The final installment of my earlier work is this Panzer IIC platoon. This platoon has been sitting on my painting desk being 98% finished for a long time now. The reason being is that I had worked solidly on the tanks and when they were complete I realised that I had neglected to paint a commander. It’s strange thing but, for me, I find that painting vehicles and equipment requires a completely different mindset than painting infantry and so when I had completed the tanks I postponed on painting the commander to a later date.

I have been posting my work in the order that they have been completed in order to keep track of my progression. After my last miniature post I remembered that I still had yet to complete the Panzer IIs and so I moved this to the top of the painting queue.  The only new work on these tanks is the commander, I managed to resist the urge to go over them, ‘fixing’ various aspects that I didn’t like.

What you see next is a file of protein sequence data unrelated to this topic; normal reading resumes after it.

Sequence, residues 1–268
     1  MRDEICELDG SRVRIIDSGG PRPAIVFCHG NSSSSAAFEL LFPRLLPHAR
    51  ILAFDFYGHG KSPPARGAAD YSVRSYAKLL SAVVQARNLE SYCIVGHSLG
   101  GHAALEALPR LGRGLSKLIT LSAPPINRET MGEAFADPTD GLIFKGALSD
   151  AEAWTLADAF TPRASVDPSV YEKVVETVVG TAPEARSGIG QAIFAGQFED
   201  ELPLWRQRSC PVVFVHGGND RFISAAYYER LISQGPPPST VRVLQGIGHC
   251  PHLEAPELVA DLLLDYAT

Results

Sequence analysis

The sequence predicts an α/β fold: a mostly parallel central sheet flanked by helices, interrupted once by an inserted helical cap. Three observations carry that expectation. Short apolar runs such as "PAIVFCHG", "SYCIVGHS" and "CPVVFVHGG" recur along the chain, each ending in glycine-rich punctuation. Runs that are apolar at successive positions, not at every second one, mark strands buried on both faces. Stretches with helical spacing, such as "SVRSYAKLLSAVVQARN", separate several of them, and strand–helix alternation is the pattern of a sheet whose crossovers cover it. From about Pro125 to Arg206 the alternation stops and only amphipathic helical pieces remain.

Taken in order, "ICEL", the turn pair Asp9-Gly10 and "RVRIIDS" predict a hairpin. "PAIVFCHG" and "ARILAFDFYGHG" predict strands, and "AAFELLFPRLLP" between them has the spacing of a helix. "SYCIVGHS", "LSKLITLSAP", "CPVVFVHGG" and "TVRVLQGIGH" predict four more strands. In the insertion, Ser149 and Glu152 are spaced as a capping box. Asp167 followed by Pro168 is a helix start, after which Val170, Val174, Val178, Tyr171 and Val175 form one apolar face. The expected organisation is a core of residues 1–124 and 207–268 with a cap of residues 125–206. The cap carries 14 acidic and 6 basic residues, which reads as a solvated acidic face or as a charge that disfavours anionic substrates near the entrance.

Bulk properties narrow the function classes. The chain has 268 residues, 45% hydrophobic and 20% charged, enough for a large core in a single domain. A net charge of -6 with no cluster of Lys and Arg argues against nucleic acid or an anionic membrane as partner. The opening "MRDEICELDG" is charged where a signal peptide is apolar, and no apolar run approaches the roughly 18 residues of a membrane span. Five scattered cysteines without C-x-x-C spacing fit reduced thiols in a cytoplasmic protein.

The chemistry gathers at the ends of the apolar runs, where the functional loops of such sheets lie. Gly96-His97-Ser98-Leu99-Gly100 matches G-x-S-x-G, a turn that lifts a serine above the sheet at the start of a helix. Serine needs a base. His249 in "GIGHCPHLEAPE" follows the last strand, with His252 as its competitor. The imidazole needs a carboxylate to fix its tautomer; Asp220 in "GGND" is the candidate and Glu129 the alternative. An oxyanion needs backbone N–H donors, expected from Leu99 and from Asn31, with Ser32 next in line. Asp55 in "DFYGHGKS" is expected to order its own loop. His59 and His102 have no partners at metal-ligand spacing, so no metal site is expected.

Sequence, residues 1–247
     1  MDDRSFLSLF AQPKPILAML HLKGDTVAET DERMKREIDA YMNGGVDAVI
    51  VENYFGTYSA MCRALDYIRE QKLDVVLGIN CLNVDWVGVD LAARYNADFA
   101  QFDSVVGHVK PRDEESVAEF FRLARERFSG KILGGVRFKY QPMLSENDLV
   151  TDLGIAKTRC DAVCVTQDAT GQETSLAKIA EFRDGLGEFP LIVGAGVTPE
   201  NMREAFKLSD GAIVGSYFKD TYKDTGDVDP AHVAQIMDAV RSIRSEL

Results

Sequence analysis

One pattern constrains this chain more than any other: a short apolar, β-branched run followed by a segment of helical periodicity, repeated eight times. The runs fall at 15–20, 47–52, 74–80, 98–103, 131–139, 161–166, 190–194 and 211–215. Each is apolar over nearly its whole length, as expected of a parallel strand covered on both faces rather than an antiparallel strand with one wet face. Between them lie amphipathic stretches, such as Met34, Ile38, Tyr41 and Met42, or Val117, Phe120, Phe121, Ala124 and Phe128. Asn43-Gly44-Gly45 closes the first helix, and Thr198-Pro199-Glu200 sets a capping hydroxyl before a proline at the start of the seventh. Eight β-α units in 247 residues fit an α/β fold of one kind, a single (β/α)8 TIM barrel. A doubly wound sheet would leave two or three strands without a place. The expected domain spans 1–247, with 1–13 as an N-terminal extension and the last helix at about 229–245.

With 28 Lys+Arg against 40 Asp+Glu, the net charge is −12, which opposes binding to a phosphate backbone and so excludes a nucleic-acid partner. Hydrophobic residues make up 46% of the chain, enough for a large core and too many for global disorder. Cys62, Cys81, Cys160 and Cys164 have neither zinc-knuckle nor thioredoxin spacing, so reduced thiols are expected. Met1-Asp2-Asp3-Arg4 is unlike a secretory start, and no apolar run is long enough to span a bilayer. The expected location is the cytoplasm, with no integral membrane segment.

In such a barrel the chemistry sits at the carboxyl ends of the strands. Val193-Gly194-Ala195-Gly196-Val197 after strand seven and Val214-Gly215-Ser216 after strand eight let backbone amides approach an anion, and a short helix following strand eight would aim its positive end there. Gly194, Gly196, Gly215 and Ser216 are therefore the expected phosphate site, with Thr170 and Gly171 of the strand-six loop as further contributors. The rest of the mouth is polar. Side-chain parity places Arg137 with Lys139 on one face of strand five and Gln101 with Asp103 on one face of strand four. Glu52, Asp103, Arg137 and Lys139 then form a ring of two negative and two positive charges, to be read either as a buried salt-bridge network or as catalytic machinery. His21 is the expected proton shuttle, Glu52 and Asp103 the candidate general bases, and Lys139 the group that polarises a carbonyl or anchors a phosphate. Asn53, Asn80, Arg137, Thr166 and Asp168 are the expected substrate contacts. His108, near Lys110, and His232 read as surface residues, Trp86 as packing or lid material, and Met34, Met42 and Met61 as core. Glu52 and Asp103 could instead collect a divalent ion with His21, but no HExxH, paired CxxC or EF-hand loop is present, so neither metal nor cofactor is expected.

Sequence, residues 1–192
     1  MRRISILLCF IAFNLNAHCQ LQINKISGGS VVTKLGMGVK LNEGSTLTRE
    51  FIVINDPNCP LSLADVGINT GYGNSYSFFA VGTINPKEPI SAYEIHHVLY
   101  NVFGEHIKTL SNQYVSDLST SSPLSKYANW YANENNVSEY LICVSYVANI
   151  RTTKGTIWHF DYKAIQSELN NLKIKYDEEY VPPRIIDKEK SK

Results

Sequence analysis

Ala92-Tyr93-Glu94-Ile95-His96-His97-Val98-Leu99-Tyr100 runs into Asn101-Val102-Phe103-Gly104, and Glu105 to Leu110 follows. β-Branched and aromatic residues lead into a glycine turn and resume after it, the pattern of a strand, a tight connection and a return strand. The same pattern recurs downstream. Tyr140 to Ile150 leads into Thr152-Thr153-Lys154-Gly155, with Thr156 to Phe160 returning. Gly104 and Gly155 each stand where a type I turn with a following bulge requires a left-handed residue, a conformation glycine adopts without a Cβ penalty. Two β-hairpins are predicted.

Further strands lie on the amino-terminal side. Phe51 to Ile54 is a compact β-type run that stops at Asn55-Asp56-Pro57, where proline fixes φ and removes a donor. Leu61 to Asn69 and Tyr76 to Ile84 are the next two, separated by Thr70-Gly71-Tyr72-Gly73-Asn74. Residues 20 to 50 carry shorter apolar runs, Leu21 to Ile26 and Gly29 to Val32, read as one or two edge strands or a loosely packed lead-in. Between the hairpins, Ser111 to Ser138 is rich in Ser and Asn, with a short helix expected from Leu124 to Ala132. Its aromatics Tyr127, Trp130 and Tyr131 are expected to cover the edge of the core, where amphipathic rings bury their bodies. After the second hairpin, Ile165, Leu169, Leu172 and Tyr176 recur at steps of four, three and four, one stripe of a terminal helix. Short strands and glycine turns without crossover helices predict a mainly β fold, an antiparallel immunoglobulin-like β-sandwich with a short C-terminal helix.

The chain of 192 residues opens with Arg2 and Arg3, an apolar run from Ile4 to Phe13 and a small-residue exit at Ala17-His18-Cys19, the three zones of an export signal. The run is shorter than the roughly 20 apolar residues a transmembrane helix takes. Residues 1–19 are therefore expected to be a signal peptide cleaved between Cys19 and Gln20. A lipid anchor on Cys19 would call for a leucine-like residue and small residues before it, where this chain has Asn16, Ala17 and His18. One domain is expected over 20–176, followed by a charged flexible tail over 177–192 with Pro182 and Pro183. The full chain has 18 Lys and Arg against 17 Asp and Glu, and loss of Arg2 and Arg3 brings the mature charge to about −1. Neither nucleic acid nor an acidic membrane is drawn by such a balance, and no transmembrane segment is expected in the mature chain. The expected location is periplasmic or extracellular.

These are my first pieces where I used an airbrush to paint. Around that time I  attended a model railway expo and had decided to take the plunge and purchase an airbrush setup. I had been on the fence for a while and after lots of research and seeing what others had accomplished with an airbrush I decided to take the plunge. If nothing else it appealed to my nature of liking “over engineered solutions”. I found that using an airbrush to paint miniatures has a very steep learning curve, however I persevered and here are the results.

The Concept: